They all go into the fraud,
The double dippers, the conflicted, the bogus guest speakers,
The whorish expert witnesses, the whorish corporate board sitters,
The twisters of research results to benefit their corporate masters,
The creators of bogus companies into which to deposit federal grant money,
They all go into the fraud…

To paraphrase T.S. Eliot. And as we enter a new decade, it’s good to remind ourselves just how rampant these and other forms of academic fraud are, especially in our medical, law, engineering, and business schools.

How rampant? So rampant that ProPublica has just released a helpful “reporting recipe,” a lengthy checklist of types of professorial corruption, and how you can discover/report them.

Double dipper Akhilesh Reddy, to take the latest instance, simply “did not notice” that two different universities were simultaneously paying him large salaries. And who can deny that overlooking large sources of funds from large institutions is something of which all of us are capable?

Sensing that this claim might not convince everyone, Reddy moved on to the what a tangled web we weave phase of his explanation.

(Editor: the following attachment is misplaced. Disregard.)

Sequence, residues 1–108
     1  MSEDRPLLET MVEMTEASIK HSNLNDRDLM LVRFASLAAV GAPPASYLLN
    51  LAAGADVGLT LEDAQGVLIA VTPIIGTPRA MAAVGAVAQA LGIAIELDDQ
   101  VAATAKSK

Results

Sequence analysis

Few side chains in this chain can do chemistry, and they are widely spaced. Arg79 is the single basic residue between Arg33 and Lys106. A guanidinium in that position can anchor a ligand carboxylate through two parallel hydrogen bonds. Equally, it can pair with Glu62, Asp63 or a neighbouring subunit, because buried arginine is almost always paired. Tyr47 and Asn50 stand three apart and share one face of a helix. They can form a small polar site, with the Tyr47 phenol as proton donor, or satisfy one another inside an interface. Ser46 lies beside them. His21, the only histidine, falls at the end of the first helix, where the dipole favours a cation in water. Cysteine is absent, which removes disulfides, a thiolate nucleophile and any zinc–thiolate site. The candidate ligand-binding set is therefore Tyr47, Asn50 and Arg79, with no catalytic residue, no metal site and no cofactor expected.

The neurologist and researcher gave inconsistent statements about the money, claiming he only noticed the salary issue when he checked his account in February 2016, five months after starting at UCL, the tribunal heard… He said he thought the universities were “sharing his salary”, that there was an “overlap” in his salaries and also that he thought the large sum was just his salary from UCL... Prof Reddy said he thought “all necessary people were fully aware of the position.”

Before he could add that his dog ate his homework, the tribunal suspended him from medical practice. He has left England and moved to Pennsylvania, cuz there’s always another sucker.

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